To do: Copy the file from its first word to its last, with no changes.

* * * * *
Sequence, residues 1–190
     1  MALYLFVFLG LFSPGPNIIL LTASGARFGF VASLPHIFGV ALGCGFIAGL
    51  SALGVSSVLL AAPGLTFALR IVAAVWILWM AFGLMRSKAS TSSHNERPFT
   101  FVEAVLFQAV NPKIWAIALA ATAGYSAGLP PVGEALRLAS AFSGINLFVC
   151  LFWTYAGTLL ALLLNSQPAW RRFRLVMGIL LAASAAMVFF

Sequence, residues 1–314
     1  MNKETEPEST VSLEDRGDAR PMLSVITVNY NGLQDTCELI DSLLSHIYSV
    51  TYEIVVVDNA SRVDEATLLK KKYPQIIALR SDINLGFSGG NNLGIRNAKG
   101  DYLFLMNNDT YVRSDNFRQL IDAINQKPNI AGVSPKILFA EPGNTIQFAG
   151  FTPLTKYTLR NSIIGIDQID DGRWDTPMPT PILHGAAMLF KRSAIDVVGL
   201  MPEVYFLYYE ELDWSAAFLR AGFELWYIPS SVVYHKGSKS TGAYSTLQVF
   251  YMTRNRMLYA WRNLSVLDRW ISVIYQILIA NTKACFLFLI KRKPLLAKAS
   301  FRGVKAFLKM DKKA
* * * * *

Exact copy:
Sequence, residues 1–190
     1  MALYLFVFLG LFSPGPNIIL LTASGARFGF VASLPHIFGV ALGCGFIAGL
    51  SALGVSSVLL AAPGLTFALR IVAAVWILWM AFGLMRSKAS TSSHNERPFT
   101  FVEAVLFQAV NPKIWAIALA ATAGYSAGLP PVGEALRLAS AFSGINLFVC
   151  LFWTYAGTLL ALLLNSQPAW RRFRLVMGIL LAASAAMVFF

Sequence, residues 1–314
     1  MNKETEPEST VSLEDRGDAR PMLSVITVNY NGLQDTCELI DSLLSHIYSV
    51  TYEIVVVDNA SRVDEATLLK KKYPQIIALR SDINLGFSGG NNLGIRNAKG
   101  DYLFLMNNDT YVRSDNFRQL IDAINQKPNI AGVSPKILFA EPGNTIQFAG
   151  FTPLTKYTLR NSIIGIDQID DGRWDTPMPT PILHGAAMLF KRSAIDVVGL
   201  MPEVYFLYYE ELDWSAAFLR AGFELWYIPS SVVYHKGSKS TGAYSTLQVF
   251  YMTRNRMLYA WRNLSVLDRW ISVIYQILIA NTKACFLFLI KRKPLLAKAS
   301  FRGVKAFLKM DKKA